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Michael Rosen's Sticky McStickstick: The Friend Who Helped Me Walk Again (Hardcover)
Told with honesty and good humor, this moving picture book recounts beloved author Michael Rosen’s recovery from Covid.
One day, three people came to my bedside and said: “Today we are going to get you up.” After being admitted to the hospital in 2020 for treatment of Covid, Michael Rosen had to learn to walk again. With the help of the hospital staff, he began the slow steps to recovery—rolling through corridors in a wheelchair, taking tiny steps with a walker, and navigating the parallel bars at the gym. But it was the walking stick he named Sticky McStickstick that helped him take the most important steps of all: back to his home and the love of his family. The former British Children’s Laureate offers a personal and openhearted account, with whimsical illustrations by Tony Ross adding a note of levity as they relay the comedy in Rosen’s reluctance and failed attempts. It’s a story of perseverance and hope told in a way that children can understand, conveying reassurance and the importance of overcoming fear—while learning to accept help.
About the Author
Michael Rosen is one of the most popular contemporary poets and authors of books for children. He received the Eleanor Farjeon Award for services to children’s literature in 1997 and served as Children’s Laureate in the UK between 2007 and 2009. His books include the worldwide bestseller We’re Going on a Bear Hunt and the award-winning Michael Rosen’s Sad Book as well as What’s So Special About Shakespeare?, What’s So Special About Dickens?,and What Is Poetry? He lives in London.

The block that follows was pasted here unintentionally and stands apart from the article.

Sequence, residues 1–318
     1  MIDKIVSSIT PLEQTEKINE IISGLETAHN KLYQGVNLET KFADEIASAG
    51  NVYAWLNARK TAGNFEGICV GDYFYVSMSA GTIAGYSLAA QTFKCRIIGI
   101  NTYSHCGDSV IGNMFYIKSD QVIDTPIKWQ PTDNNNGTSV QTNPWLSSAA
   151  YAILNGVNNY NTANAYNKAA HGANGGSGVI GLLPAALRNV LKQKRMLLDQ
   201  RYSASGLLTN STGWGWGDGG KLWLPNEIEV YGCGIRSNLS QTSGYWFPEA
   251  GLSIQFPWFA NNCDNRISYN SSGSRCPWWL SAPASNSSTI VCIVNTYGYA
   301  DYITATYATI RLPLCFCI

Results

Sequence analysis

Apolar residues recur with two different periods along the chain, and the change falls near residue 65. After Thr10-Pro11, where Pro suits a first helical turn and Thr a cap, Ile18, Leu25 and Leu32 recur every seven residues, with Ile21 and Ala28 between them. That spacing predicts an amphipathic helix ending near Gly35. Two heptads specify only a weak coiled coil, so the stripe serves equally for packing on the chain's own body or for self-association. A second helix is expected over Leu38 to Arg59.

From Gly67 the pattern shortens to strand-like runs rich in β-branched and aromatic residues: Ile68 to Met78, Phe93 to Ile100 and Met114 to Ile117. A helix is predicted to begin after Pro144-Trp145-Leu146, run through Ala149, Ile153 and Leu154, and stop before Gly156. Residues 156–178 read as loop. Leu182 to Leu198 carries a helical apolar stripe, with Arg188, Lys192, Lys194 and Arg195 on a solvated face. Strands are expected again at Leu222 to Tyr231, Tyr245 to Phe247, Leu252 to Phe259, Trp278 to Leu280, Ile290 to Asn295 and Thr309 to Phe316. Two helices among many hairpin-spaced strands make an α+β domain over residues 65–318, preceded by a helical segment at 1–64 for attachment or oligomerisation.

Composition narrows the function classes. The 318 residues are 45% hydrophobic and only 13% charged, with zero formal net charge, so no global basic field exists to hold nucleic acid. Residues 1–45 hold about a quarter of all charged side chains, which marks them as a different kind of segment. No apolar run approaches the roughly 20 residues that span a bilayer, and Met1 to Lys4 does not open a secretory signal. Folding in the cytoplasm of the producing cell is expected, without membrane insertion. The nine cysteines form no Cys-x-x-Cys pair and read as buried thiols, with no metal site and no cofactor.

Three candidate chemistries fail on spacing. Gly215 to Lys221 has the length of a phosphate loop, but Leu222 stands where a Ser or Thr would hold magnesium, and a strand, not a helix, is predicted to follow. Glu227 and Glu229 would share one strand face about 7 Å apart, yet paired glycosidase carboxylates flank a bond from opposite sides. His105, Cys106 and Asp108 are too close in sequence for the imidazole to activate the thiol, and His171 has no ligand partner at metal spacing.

Tony Ross is a multi-award-winning creator of children’s books. In addition to his own books and the Dr. Xargle series by Jeanne Willis, he has illustrated books for such authors as Roald Dahl, Paula Danziger, and Michael Palin. Tony Ross lives in England.
Rosen’s short, matter-of-fact sentences echo his step-by-step progress; Ross’ energetic, limber cartoon illustrations add humor as Rosen careens haphazardly through hospital hallways in a wheelchair and tenderness as Rosen walks unaided to meet his son’s family in the park. . . . A reassuring tale of patience and persistence that will especially resonate with kids recovering from injuries or illnesses. —Kirkus Reviews
Rosen taps into a well of feeling that anyone trying to get better after a long illness (or knowing someone who is) will share. . . . A personal story, but a timely one that offers a hopeful model of recovery from serious illness. —School Library Journal